It was a day of surprises.
It's reunuion weekend at SJU. The pottery studio had a constant buzz of tours, tea, and talk today. I met a man who insisted that hope is the last thing I want, compared my work to Camille Claudel's, and insists that time does not exist. He has lived seemingly everywhere and doesn't feel at home anywhere. Another man had problems with flouride and crop tillage, but preferred Jerusalem artichokes to potatoes. He seems to not have moved much. Richard's daughters suddenly appeared in the pottery exuding a sisterly synchronized joy. I found myself at Fishers (legendary local restaurant) celebrating Joe and Sara's birthdays/wedding anniversary. There it was revealed that Garrison Keillor may not be such a nice guy. I also had some amazing sunfish there. Brandon unveiled his mastery of musical hand farting and his obnoxious car alarm. I infiltrated the Johnny/Benny reunion party courtesy of Steven. I learned Raj and Emily have AAA roadside assistance and that I taught their nieces at MVL. Lot's of surprises today.
I did manage to do a bit of work on this "Simul Justus et Peccator" sculpture.
But before all that hit, I had a concise lesson from Richard. His slip decoration for these bottles is masterful. He was happy to let me watch, but emphasized that what he is doing is not a "technique." It's something far more. He talked about putting his whole being into that moment when he applies the slip. What he does in a sweep of his hand has taken decades. To refer to it as a technique and try to replicate it or teach it as such is disrespectful. I take this as another manifestation of Richard's insistence on deep relationships. He believes in deep relationships with materials, with people, with community, with the environment, and with his spirituality. He doesn't abide the trite, disposable, temporary, unfelt, or superficial.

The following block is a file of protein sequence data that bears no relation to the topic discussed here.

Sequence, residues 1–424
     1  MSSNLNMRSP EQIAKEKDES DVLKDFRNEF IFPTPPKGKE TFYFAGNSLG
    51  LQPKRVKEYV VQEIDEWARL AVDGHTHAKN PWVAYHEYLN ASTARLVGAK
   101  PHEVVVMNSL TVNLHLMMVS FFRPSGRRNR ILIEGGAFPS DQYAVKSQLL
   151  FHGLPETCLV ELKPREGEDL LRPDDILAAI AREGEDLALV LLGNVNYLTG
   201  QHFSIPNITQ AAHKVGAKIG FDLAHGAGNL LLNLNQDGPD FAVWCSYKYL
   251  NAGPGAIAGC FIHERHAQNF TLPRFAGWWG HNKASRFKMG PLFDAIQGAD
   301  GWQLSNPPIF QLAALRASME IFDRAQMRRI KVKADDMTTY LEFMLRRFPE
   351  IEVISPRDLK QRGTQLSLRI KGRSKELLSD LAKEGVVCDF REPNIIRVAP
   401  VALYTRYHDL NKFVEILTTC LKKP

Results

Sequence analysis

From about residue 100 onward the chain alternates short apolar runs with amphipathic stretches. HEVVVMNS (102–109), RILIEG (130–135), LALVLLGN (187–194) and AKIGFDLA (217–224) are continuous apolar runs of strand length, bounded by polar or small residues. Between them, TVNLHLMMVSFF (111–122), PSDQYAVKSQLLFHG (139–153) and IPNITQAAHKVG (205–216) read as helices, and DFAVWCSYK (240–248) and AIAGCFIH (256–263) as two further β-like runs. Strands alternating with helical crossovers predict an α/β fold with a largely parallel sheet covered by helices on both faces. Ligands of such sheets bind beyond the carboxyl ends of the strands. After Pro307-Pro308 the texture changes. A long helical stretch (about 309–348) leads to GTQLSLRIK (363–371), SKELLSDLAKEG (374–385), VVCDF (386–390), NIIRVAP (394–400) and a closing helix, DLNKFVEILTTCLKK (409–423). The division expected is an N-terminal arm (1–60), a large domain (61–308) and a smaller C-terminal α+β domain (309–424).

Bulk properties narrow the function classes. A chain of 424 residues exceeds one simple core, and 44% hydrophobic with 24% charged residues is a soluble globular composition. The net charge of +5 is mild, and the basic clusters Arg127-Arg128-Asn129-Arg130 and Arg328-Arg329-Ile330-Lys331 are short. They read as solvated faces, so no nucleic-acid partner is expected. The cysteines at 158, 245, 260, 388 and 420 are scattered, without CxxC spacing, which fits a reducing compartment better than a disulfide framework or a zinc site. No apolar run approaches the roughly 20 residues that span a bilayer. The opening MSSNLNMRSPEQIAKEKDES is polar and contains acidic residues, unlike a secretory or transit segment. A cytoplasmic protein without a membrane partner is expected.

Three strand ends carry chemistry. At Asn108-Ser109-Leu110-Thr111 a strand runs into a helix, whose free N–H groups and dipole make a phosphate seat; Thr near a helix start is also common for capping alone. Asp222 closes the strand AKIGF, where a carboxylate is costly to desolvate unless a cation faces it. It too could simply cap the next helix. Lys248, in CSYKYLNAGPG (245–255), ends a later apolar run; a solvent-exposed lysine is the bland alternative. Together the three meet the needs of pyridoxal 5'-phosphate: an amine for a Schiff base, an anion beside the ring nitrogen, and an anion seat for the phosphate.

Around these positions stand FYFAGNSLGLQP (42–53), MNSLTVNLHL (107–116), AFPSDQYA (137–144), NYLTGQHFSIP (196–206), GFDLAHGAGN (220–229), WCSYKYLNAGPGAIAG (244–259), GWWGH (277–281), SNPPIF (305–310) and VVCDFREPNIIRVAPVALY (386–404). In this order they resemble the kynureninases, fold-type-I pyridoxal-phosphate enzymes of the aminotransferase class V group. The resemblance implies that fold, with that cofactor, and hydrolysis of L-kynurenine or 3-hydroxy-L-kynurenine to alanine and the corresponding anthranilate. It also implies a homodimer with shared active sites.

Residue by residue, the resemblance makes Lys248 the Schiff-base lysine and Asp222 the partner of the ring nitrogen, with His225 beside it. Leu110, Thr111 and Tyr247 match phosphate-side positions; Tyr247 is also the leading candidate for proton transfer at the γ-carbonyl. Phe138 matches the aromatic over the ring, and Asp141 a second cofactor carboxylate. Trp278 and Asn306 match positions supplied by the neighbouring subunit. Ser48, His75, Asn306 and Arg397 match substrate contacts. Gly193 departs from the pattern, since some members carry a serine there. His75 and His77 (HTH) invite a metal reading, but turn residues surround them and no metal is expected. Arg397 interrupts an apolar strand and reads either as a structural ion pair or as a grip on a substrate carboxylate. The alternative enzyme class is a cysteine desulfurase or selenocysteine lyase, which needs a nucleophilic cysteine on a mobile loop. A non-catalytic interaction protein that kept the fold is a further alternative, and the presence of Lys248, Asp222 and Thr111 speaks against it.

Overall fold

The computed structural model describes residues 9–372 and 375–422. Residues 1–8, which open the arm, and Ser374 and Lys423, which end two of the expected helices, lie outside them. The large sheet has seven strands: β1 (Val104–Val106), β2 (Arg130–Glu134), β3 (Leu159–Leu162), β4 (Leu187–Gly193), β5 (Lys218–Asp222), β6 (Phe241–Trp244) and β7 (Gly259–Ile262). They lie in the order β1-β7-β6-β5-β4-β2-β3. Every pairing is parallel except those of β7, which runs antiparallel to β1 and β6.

There was a cover band at the reunion party. They were playing 90's hits fairly well. I'll admit I did bust a move or two, but something occurred to me part way through my night as a Johnny impostor. Knowing approximately 3 out of the hundreds of people there afforded me time to try to understand. All 9 members of the cover band seemed to know their instruments well. Songs would melt into each other seamlessly for long, well-rehearsed stretches. So they were good at what they did, but what were they doing? Technique? It's a shallow relationship of nostalgic sound bites and crowd-pleasing prompts. Is this what Richard was warning me about in our slip discussion this morning? This band certainly put a lot of time and energy into preparing and delivering this content. But where were they in all of it? A deep relationship with instrumentation, lyrics, audience interaction were all absent. Audience members engaged in a sort of mob psychology that lacked foundation beyond nostalgia. It amounted to an awkward group aerobics event.
While I did have a good time, it got me thinking about the differences. Where does my art come from? Do I intend for a deep relationship with my audience or my materials? To what extent do I encourage fleeting, superficial encounters? What does it mean that I haven't committed to any one medium? I put a lot of time and energy into my creative work, but to what end? I seem to always be rushing to meet deadlines. I often chase commissions thinking that my way to an art career is somewhere down that road. Am I disconnecting from other parts of my life such as family, faith, teaching? Here's a portion of my application letter for this residency,